Once a popular playground for families and avid scuba divers, this stretch of fabulous beach is now infamous as the area in Thailand most devastated by the 2004 tsunami. Today, many of the resorts and businesses have rebuilt and re-opened, but there still remain scars, with many of the coconut trees still repopulating and patches here and there were resorts and buildings simply weren’t replaced. The resort area took several years to recover to full business levels but some of the re-development has been more tasteful and better planned, adding to the appeal of this unique stretch of coast.
With a shallow bank along this stretch of the coast and 500 meters of low lying beachfront land, Khao Lak was chicken feed for the tsunami in 2004. The giant waves caused proportionately more devastation than anywhere else, with every single resort destroyed or damaged.
Unlike other areas there were no backdrop hills and first-hand accounts tell how the entire contents of Khao Lak on boxing day was picked up and washed nearly a kilometre inland. Testament to this is the large navy cruiser that was dumped besides the main highway more than 700m from the sea. It has been left there as a memorial and remains a sobering reminder to anyone arriving in this paradise like coastal resort.
Khao Lak is a one-hour drive north from Phuket International Airport. It is much closer to the Similan Islands than Phuket, making it an optimal base for a scuba diving holiday. And, since scuba divers are on boats or under the water for most of the day, the beaches are quiet and clean for non-divers and for the days in between diving.
Khao Lak beach is the most popular among foreign visitors and is good for swimming and near all the tourist amenities and hotels. The seemingly endless wild stretch of beach is much more natural than those on Phuket, less commercialised and fronted by resorts which give the beach a more exclusive feel. Bang Niang beach is not far away and is good for those looking for a bit more privacy.
Bang Sak beach is where local Thais go for picnicking, and you’ll find some charming little beachside stalls here. Thai Muang beach, about half an hour away, is located inside a national park and is nicknamed Turtle beach for the sea turtles that lay their eggs here from November to February.
Offshore, the Similan Islands are rated one of the top diving destinations in the world, and this marine park is home to vibrant hard and soft corals, unique underwater boulder formations, and an assortment of marine life including whale sharks. Khao Lak is also home to a few pretty waterfalls, as well as the Khao Lak Lamru National Park with its lush vegetation and variety of wild animals.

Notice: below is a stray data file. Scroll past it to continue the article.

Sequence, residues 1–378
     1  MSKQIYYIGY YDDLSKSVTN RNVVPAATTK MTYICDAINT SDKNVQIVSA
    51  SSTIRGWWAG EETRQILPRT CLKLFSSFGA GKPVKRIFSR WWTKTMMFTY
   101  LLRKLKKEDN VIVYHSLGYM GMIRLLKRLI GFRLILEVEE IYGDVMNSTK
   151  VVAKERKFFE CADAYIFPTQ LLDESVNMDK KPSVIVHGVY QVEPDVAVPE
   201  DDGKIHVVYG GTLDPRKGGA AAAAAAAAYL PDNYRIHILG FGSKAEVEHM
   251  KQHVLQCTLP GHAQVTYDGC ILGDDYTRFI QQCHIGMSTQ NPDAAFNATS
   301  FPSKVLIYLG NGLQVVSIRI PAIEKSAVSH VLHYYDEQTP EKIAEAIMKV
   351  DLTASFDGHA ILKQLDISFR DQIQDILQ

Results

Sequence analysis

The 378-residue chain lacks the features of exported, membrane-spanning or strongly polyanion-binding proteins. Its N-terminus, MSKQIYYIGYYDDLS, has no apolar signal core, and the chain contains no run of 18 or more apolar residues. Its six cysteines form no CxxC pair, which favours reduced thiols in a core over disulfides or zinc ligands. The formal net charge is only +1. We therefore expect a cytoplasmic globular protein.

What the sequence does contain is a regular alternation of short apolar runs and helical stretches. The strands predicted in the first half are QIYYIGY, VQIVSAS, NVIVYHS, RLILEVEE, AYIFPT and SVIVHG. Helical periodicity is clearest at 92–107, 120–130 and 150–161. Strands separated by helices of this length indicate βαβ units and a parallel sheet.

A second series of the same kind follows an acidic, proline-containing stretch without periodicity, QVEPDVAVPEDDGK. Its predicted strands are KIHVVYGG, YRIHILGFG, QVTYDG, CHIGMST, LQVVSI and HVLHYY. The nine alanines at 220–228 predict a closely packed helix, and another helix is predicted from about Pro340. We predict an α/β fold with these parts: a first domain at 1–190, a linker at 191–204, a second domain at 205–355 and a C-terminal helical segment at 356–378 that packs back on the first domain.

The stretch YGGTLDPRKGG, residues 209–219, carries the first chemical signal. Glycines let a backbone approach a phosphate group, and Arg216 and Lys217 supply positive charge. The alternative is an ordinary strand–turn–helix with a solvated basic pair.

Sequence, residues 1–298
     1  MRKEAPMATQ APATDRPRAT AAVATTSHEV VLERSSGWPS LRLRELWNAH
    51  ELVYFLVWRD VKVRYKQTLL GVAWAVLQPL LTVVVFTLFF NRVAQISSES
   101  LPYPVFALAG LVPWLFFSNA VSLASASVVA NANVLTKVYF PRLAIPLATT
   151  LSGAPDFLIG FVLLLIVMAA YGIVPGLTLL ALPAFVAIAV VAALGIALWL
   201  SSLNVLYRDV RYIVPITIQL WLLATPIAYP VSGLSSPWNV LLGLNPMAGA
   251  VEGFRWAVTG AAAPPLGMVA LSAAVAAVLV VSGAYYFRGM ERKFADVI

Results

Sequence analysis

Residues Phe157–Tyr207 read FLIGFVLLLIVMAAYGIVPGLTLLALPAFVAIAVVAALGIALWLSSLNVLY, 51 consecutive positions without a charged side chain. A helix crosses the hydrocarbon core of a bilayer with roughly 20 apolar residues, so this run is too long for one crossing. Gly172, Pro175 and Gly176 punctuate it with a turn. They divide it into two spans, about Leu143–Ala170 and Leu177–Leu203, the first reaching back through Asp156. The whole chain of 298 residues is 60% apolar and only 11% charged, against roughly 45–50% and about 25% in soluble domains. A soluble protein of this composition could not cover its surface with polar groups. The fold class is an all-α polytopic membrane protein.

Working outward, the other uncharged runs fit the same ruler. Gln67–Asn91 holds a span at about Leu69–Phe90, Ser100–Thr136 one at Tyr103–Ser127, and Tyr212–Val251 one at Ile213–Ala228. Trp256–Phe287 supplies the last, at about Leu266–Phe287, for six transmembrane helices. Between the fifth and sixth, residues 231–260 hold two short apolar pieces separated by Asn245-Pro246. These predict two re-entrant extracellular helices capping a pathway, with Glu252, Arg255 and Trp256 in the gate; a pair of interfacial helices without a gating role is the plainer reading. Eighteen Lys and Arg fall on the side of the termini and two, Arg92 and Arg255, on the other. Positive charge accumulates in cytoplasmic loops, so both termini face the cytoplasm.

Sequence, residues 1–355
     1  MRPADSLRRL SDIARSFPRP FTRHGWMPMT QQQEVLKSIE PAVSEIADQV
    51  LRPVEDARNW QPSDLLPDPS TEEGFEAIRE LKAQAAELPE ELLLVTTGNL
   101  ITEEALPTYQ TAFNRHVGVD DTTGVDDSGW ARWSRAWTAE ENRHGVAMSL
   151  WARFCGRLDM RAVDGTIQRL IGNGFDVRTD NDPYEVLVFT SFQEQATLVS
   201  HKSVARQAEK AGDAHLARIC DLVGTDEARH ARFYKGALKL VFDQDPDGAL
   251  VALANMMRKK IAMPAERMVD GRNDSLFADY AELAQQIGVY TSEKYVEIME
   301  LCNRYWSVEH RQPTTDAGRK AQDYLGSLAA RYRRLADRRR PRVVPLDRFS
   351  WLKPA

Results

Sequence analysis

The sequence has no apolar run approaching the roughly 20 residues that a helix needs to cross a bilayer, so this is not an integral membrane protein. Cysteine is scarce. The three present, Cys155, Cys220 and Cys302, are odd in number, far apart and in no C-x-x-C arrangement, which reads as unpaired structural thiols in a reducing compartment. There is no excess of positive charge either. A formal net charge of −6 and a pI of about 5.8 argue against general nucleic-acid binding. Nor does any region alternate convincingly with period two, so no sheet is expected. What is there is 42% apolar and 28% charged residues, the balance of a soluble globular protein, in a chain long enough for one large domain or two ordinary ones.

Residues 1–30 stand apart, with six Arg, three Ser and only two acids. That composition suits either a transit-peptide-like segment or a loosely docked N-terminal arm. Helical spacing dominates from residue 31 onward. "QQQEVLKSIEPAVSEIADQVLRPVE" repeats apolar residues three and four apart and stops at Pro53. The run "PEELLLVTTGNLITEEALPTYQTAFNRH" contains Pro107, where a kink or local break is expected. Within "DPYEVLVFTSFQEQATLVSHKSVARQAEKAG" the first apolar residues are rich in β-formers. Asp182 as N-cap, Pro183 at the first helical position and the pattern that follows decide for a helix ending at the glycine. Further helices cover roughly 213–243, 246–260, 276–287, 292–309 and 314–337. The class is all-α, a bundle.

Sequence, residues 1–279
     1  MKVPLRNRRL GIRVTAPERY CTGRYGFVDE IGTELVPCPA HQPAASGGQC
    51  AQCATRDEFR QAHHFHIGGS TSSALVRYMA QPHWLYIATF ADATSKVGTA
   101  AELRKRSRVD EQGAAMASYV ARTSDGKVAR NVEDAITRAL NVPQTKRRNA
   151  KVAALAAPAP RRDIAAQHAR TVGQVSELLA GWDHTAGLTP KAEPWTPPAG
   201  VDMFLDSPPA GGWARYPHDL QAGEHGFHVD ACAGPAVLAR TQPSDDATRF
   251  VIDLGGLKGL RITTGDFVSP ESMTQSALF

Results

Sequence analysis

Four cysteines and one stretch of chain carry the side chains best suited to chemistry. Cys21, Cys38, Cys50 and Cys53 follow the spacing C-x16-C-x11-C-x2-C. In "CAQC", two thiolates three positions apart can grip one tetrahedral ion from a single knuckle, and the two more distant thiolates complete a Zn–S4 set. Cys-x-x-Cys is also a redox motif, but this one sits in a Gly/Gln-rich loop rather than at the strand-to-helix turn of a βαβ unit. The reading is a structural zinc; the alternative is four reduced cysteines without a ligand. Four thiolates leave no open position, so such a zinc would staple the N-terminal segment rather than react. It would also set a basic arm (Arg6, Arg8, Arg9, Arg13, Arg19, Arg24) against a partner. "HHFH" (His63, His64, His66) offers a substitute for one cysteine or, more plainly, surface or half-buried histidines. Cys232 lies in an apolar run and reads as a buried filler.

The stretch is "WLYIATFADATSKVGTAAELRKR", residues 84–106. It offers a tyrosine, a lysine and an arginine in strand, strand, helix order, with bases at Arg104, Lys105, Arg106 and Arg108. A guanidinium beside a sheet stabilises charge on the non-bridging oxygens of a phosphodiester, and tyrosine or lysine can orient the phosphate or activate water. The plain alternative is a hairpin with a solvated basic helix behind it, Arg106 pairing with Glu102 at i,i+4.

This park offers a wonderful appendage to the beach area which is enjoyed by few other resort locations in Thailand. The park is typified by lofty hills, waterfalls and soaring cliffs, with gorges that can be explored by canoe. And there are great opportunities for Khao Lak diving with experienced schools in the area.
The mangroves are also pretty, particularly the Klong Thap Liang estuary which can be explored with the longtail boats on offer. There are a few coastal trails and some bird and occasional wildlife can be spotted if you are lucky. Bungalows are also offered in the park headquarters.
There is plenty of accommodation in Khao Lak ranging from inexpensive bungalows to five-star luxury resorts and most are offering discounted rates, especially during the low season (approximately May to November). The main stretch in Khao Lak offers plenty of dive shops providing speedboat daytrips and liveaboard trips to the Similans. Here, you’ll also find accommodation, restaurants, and quiet bars.
Most facilities cater to foreign tourists and you’ll find shopkeepers can speak English and sometimes German and Swedish as well. Many people find Khao Lak to be a superb getaway from the bustle of Phuket and the area is definitely worth a visit.
Getting to Khao Lak
From Phuket airport you can get a taxi or shuttle directly to Khao Lak, but this is likely to be quite expensive unless you can full the vehicle. If you are staying in a decent hotel they will likely provide a free shuttle. If, however, you are on a budget, you will need to find your way to the central bus station in Phuket and catch one of the regular (almost hourly) buses north to Takua Pa which stop in Bang Niang. The driving time is about one hour and the scenery is quite pretty.